Open Your Eyes

By: Amy Spaulding Zimbelman
August 15, 2013

“Shut your eyes to nothing that seems to them the reality”—Olive Schreiner

We walked the streets of Atlanta united on a three-mile pilgrimage. We were a collage of people: black, white, brown, Mennonites, Unitarian Universalists, Baptists, conservatives, liberals—all question seekers. We were not just sweating it out on the streets. We were seeking justice.

We walked to the ICE building, where immigrants are being processed. It is here, a few feet away, our leader Anton told us, that up to 85% of people in the system do not receive representation. Herded like animals, often coerced into signing their rights away.

We sang: Were you there when they nailed him to the cross?

We walked to a detention center, the largest in the nation. It struck me as strange that the building looked similar to others on the street—it could almost pass for a large office complex. But it is here that human beings are incarcerated, usually without a trial, usually for the crime of attempting to feed their families.

We sang: Were you there when they jailed him for money?

We walked to the Board of Regents, where it was decided that children brought to the U.S. without documents could not attend the top five schools in the state and receive in-state tuition. “I want to be a social worker helping children,” a 21-year-old undocumented woman told us, “I’m not asking for a free ride…I’m just asking for a chance.”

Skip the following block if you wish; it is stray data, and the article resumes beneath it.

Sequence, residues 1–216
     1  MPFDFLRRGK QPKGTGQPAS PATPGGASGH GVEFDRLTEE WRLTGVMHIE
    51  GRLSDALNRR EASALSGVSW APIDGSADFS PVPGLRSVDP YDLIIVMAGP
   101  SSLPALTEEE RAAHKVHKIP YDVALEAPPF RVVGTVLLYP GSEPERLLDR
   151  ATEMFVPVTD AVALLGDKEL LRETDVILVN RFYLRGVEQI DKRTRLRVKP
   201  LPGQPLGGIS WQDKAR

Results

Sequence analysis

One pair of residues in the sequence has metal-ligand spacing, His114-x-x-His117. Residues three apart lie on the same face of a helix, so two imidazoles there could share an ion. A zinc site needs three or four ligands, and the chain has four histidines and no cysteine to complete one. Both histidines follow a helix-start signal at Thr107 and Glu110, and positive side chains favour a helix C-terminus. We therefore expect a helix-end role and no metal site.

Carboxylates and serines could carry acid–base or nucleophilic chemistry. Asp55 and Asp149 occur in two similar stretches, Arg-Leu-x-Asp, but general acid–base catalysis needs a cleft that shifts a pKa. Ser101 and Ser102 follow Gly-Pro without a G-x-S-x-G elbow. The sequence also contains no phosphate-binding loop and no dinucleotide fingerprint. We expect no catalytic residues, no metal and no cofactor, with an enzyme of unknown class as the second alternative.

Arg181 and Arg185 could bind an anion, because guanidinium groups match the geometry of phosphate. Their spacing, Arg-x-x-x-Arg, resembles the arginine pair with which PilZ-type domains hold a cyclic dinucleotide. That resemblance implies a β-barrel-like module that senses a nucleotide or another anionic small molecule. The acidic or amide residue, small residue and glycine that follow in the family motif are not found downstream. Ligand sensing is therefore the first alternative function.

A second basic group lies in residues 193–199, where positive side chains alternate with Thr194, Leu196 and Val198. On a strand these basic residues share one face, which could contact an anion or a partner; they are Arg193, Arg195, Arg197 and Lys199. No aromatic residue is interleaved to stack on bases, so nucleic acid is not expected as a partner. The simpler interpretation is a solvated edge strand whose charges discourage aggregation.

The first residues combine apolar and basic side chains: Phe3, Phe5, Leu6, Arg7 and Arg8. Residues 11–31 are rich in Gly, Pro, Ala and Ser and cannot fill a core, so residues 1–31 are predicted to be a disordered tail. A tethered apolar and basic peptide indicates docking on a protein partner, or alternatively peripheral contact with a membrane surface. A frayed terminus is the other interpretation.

We sang: Were you there when they crucified her dreams?

On our pilgrimage, we saw a police car driven up onto the sidewalk, cornering a man who has no home. The officer was blaring his siren at the man. We offered him what we had: water. Then we offered our voices.

We sang: Were you there when they drove him off the streets?

We walked to Grady Hospital. Our leader, Anton, knows a woman who struggles to get the dialysis she needs. Since the hospital became privatized, it no longer provides services for people without documents. This saves money.

We sang: Were you there when they stole her dignity?

“Shut your eyes to nothing that seems to them the reality,” the South African poet Olive Schreiner wrote. The reality is that the immigration system is unjust. Profit is valued over people. Fear trumps freedom. But the reality is also that there are change-makers among us. The reality is that we are all one: the immigrant, the politician, the person with no home, the seminary student. The reality is there is hope.

And so finally, we walked to the crypt of Martin Luther King, Jr. and his family.

We sang: Were you there when God raised him from the tomb?

Were you there when God raised him from the tomb?

Oh…sometimes it causes me to tremble, tremble, tremble.

Were you there when God raised him from the tomb?

When you encounter the pain of this world, shut your eyes to nothing that seems to them the reality. And I would add: Never stop singing.

Amy Spaulding Zimbelman is an FTE VEV Fellow who spent the last four years advocating for refugees and immigrants and connecting them with the broader community in Sioux Falls, South Dakota. She and her husband recently moved to North Carolina where she is enrolled at Duke Divinity School. She blogs with her pastor at www.openeverydoor.wordpress.com.

Tags: Shaping the Future


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